Coping With Summer Drought

It won’t have escaped your notice that spring has been very dry. Plants are suffering from a lack of water at the roots and if you are on a water meter you must carefully consider how you are going to make use of such a precious resource and plan your gardening so you scarcely need to use it at all.

Established large plants such as trees and shrubs are mostly ok. They have a greater spread of roots underground than there are branches, twigs and leaves about ground. There is a balance between the plant’s ability to draw water from the ground and the amount of growth attained above ground, and in a dry year, the growth rings of trees will be closer together than in wet years.

Dendrochronology is the science of mapping tree rings from this data and tells us how the moisture has affected tree growth, enabling trees to be dated accurately. Plants can absorb nutrients only in soluble form, and in dry conditions the growth will slow down tremendously.

A really good watering of your potato patch at flowering time will swell your spuds, whereas several light sprinkles will scarcely do more than wet the leaves. Knowing I should water thoroughly, I gave some trays of seedings in plugs three good waterings, then potted them on and was surprised to see that the water had only partially penetrated the compost. Dried out pots and seed trays are best placed in a shallow tray of water to take up the water from below over several hours.

Try an experiment. Fill up a 2 gallon watering can and sprinkle it on to a square metre of vacant soil. Repeat. Go back a few hours later and dig into the soil. You may find that the soil only a couple of inches down is still bone dry.

So…what to do? Firstly, do not water your lawn and set your mower blades two notches higher. A golf course requires up to a million gallons of water a week in dry weather to keep grass green and growing strongly – best not to emulate that on a domestic scale.  Grass can go dormant with summer drought or winter cold and will soon green up with warmth and rain. If your lawn was newly turfed or seeded this spring, water you must, and thoroughly, and not in the heat of the day if you can help it. There is no hose pipe ban…yet.

Although plants with leathery and needle like leaves such as lavender, rosemary and grevilleas are adapted to drought resistance by slower water loss from the leaves, they are only happy when they are established with a large root system. A potted specimen from a garden centre placed in a larger pot at home has an artificially reduced rootball / top growth ratio and requires regular watering until established. Once it puts on significant top growth, you can be sure that the root system is healthily expanding and you can reduce the watering.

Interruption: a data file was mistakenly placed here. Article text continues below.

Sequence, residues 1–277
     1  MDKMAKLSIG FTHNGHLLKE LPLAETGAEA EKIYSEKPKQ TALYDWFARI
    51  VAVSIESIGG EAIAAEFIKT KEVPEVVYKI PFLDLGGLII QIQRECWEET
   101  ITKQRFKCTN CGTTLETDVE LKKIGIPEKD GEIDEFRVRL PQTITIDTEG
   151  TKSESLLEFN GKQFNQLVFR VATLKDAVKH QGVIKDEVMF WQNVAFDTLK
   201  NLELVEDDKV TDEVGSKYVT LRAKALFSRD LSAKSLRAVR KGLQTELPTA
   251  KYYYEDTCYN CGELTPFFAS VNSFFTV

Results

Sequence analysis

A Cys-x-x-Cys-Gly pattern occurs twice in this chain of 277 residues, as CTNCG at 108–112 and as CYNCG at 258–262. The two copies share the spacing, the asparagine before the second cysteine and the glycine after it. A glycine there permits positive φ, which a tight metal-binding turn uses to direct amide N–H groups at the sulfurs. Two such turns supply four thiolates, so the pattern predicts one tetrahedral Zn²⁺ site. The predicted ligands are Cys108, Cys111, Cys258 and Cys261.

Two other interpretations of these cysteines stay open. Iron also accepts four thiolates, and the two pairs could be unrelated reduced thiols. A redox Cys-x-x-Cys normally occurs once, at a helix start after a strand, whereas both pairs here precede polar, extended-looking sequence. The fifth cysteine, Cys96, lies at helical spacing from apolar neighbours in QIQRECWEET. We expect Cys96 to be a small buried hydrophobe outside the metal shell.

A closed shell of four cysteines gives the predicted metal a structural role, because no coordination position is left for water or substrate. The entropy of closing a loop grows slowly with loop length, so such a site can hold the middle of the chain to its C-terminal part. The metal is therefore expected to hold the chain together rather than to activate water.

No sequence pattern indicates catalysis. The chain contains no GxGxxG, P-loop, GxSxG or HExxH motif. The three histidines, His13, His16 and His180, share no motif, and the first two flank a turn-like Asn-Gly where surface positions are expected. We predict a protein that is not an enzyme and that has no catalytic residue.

Oddly enough, the symptoms for over- or under-watering new plants are the same. The plant wilts because the roots are able to draw up water – either because they have drowned or dried out.

Even once established, the potted plant cannot search for water beyond the confines of the pot, nor pick up water from deep under the surface. The pot itself gets hot in sunshine, and most roots prefer a cooler root run. Do not be surprised if your potted rosemary fails after 3 years despite watering and feeding. The garden centres will be very happy if you go and buy a new one. A plant in the ground will always do better than one in a pot, if it is suited to the climate.

If you must have plants in pots, I have found that agapanthus are tolerant of life in pots for several years, their fleshy roots storing water. In shade, an Acer palmatum dissectum has been quite happy in the same pot for 4 years, but now it is shedding twigs. This is a sign of unhappiness – a new larger pot or planting in a border will be the cure. I have had nothing to do with hanging baskets for years, and would certainly never consider any in full sun, unless with automatic feeding and watering systems in place which is ok for the local pub but not for me.

For choosing drought tolerant plants – Google it, and a long list will appear. As a general rule, established plants with a tiny leathery leaf or a waxy blue or hairy silver leaf will be able to survive without much water and most of these prefer full sun. Lavenders, santolina, eucalyptus, artemisia and sedums all fall into the group. A hefty leathery leaf of dark green may tolerate shade as well as drought – laurels, magnolia grandiflora and rhododendrons are classics for this position.

A large soft leaf with a generous area nearly always needs a good water supply to keep the structure supported. Gunneras and skunk cabbage would absolutely hate a hot dry position. There is a commonly grown plant in this category that is so dangerous to life that if you sat underneath it for ten minutes you would die. “Crikey” cry your friends, “We must instantly remove this from our gardens for the sake of the children, whatever is it?”

It’s a waterlily.




Agapanthus
Agapanthus
Artemisia
Artemisia
Lavender
Lavender
Santolina
Santolina

With many thanks to Katherine Crouch

Katherine Crouch Garden Design

Telephone

+44 (0)1935 881752

Mobile

+44 (0)7594 574150

info@katherinecrouch.com

If you would like to contribute a blog, please contact Siobhan at siobhan@sittingspiritually.co.uk

Posted by Siobhan on June 24th 2019


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